Justin Timberlake and Amanda Seyfried play Will Salas and Sylvia Weis

Justin Timberlake and Amanda Seyfried play Will Salas and Sylvia Weis

Aisle Seat: In Time’s premise is on the mark

Jason Armstrong gives Justin Timberlake's latest, In Time, three-and-a-half stars out of five.

  • Nov. 4, 2011 9:00 a.m.

You’ve heard the saying, “time is money.” The  thriller In Time gives the motto a whole lot of weight.

A sci-fi offering with Robin Hood coursing through its innovative blood, In Time presents a world in the near future in which time is currency and immortal youth can be bought.

While the execution of the project probably belongs in the junk food aisle (pretty people run, music swells and, well, that seems to be the game plan), the idea behind it is gourmet stuff.

In fact, given the state of the current economy in which the rich seemingly get richer and the rest occupy, this is pretty profound material.

Justin Timberlake stars as Will, a boy from the poor neighbourhood. With humans genetically engineered to stop aging at 25, Will is on the clock, with a balance of time ticking off in glowing green digits across his forearm.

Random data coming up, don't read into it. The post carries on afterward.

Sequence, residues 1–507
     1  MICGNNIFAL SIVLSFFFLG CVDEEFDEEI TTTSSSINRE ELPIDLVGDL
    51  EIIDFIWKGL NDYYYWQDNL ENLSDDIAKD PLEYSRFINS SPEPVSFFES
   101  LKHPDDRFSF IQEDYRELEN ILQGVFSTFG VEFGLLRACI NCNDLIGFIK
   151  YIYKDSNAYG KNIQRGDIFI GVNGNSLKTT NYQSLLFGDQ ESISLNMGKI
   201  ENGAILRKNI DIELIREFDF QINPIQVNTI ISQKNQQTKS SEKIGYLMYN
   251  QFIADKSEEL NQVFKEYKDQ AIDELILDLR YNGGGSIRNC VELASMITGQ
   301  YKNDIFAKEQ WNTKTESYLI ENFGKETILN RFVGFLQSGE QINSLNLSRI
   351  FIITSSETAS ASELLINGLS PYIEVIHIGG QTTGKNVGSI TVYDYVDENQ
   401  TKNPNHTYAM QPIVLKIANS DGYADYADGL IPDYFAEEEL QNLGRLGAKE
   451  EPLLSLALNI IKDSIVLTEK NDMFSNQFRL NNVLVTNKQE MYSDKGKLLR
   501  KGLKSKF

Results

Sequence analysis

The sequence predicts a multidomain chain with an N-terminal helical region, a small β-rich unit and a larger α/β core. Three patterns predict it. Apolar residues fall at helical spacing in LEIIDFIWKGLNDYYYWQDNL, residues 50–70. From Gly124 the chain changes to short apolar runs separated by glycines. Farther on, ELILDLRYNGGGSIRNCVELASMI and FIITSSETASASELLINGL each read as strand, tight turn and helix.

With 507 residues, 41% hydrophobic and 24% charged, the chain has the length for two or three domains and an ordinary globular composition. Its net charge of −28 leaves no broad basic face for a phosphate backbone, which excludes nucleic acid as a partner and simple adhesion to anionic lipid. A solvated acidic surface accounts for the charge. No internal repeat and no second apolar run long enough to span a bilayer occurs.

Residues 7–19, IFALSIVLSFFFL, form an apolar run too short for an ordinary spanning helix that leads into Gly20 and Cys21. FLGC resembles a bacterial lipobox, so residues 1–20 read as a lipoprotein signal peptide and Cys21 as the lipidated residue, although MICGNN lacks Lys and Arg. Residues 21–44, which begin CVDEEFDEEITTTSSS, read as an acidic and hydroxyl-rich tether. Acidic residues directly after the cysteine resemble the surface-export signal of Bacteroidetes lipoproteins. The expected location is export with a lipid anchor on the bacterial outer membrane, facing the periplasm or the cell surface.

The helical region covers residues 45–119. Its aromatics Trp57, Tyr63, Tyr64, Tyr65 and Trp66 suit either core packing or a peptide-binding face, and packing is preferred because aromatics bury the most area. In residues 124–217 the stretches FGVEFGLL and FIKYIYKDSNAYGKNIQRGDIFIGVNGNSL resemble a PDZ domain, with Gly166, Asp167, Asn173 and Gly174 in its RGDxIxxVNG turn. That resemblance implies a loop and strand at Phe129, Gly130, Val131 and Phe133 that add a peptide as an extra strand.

Being strictly blue collar, our hero lives day-to-day, along with his mom (Olivia Wilde), knowing that missing even one day of work will be the death of them.

The premise makes for all kinds of fun –– a loan payment costs a couple of days, a cup of coffee a few minutes, and so on. There are “minute men” (gangsters who steal time), “timekeepers” (cops), and time zones separate the rich from the poor.

Will crosses zones to the wealthy sector when a stranger gifts him with more than 100 years, but also gives him the ugly truth about the dystopian society. Thus, Will doesn’t journey to where the other half lives to blow his fortune, he visits to throw the whole structure for a loop.

Paired with the daughter of a millionaire (Amanda Seyfried) who seems to only want daddy to get his, the duo do the Bonnie and Clyde thing, only they steal from the rich and give to the poor. Oh, and they run a lot. Boy, do they run.

In Time won’t wow you with its presentation –– if this is the future, architecture took a serious hum drum swerve at some point –– but rarely does adrenaline fare dabble in such smarts.

Timberlake, while he’ll inevitably take a shot or two as the leading man, does alright with what he’s been given; he’s not entirely wooden, and the dude continues to have a pretty good presence on the big screen. This acting thing just might work out after all for JT.  Because hey, timing is everything.

The feature is currently playing at Galaxy Cinemas in Vernon.

–– Jason Armstrong is The Morning Star’s longtime film reviewer. His column appears every Friday and Sunday.